The mayors of New York City (Bill de Blasio), Boston (Marty Walsh), Detroit (Mike Duggan), St. Petersburg (Rick Kriseman), and Cleveland (Frank Jackson) — all Democrats — won their bids for re-election on Tuesday. In open races, though, women and minorities came up big. Here's a quick look at some of the notable winners.
Seattle: Former U.S. Attorney Jenny Durkan, a Democrat, was elected Seattle's first female mayor since Bertha Knight Landes in 1926, defeating urban planner and activist Cary Moon to replace Ed Murray, who resigned amid sexual abuse allegations.
Charlotte: Vi Lyles, the Democratic mayor pro tem, defeated Republican City Councilman Kenny Smith to become the first black woman to lead the North Carolina metropolis, and Charlotte's seventh new mayor since 2009. Incumbent Mayor Jennifer Roberts lost in the primary.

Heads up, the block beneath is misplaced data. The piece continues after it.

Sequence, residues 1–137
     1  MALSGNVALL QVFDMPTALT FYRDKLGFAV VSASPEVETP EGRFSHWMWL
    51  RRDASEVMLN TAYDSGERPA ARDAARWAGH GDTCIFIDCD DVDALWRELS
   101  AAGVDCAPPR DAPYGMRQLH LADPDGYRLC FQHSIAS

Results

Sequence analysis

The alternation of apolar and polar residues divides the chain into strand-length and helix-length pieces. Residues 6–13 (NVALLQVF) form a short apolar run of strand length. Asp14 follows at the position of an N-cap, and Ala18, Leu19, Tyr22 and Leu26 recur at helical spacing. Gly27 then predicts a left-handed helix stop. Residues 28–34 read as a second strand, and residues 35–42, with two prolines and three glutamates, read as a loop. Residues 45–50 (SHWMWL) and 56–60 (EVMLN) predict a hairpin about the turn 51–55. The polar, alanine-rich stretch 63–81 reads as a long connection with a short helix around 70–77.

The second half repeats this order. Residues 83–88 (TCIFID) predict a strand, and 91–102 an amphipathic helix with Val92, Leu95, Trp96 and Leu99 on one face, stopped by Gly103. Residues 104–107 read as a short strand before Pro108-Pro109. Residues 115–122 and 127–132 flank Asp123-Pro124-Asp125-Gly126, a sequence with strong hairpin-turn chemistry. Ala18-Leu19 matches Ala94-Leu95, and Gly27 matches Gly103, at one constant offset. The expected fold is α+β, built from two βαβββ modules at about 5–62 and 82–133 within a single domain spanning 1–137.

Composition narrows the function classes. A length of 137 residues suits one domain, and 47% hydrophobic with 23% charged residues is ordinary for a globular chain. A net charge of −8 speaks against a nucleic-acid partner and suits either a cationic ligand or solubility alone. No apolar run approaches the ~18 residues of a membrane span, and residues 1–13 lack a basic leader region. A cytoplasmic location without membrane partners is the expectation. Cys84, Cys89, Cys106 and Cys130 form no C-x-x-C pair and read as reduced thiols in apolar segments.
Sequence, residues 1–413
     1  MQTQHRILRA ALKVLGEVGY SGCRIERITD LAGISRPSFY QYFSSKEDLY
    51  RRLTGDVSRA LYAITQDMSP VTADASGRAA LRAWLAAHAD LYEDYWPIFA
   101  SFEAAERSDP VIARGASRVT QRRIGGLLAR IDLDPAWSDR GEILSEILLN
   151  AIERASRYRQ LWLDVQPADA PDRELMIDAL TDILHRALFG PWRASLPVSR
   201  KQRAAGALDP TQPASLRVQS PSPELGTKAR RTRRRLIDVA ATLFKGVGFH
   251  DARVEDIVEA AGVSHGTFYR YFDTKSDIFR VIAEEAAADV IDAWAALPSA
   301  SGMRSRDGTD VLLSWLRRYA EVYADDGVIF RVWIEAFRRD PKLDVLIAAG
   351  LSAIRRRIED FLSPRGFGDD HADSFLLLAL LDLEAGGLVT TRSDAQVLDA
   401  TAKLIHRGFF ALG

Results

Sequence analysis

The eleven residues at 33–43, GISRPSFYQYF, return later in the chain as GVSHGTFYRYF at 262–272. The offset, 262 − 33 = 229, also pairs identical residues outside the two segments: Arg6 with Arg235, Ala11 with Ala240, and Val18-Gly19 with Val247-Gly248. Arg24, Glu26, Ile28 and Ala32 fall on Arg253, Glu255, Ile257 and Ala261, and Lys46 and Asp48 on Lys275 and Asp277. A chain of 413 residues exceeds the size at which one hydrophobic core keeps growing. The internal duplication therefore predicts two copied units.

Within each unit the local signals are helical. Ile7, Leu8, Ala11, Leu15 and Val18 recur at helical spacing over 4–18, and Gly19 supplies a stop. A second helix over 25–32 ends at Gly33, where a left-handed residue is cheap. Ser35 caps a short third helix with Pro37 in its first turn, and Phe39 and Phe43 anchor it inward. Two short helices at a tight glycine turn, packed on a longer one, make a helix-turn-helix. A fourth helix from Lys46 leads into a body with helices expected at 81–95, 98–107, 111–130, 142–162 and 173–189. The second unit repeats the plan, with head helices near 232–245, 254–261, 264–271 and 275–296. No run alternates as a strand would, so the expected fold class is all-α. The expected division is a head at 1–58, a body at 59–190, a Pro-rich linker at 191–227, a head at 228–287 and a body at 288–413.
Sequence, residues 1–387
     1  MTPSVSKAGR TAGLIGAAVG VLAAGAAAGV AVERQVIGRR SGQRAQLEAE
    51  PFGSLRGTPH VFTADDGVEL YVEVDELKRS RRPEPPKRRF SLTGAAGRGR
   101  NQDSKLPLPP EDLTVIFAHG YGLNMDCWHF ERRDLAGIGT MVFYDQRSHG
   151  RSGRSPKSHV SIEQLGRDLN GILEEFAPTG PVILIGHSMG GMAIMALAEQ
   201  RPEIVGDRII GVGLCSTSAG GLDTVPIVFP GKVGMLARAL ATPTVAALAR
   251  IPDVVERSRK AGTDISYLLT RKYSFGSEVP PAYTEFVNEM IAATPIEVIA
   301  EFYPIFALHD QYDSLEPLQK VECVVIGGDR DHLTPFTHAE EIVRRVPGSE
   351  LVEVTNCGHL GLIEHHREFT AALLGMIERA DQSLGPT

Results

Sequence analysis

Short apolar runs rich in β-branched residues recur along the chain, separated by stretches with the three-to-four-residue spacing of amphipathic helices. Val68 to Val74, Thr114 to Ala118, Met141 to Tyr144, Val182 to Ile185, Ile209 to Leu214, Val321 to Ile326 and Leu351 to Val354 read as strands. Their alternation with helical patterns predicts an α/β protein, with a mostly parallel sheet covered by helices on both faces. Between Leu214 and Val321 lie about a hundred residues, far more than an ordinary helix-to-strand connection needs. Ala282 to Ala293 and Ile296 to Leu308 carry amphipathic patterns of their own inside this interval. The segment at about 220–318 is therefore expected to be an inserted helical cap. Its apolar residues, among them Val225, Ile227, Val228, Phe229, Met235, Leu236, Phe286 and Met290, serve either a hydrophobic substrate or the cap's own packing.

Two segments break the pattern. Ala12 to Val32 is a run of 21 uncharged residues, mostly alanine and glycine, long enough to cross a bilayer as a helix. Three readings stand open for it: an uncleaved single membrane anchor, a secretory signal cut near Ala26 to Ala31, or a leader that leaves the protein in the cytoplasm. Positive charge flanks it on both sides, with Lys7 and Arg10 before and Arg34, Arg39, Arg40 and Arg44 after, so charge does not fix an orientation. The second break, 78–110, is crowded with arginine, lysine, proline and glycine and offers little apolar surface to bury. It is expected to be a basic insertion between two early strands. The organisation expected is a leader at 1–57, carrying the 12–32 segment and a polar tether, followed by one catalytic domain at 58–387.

Manchester, N.H.: Joyce Craig became Manchester's first female mayor and the first Democrat to hold the position in a decade. She beat incumbent Republican Ted Gatsas.
Hoboken, N.J.: City Councilman Ravi Bhalla became New Jersey's first Sikh to be elected mayor, and reportedly the first turban-wearing Sikh to lead an American city, beating a field of five other candidates to replace Mayor Dawn Zimmer, who endorsed Bhalla. In the race's final stretch some unidentified people distributed a doctored flier urging voters, "Don't let TERRORISM take over our town!" Bhalla is an Indian-American born in New Jersey.
Atlanta: The crowded race to replace term-limited Mayor Kasim Reed will go to a runoff as two city councilwomen, Democrat Keisha Lance Bottoms and independent Mary Norwood, got the most votes. The two women will face each other again on Dec. 5.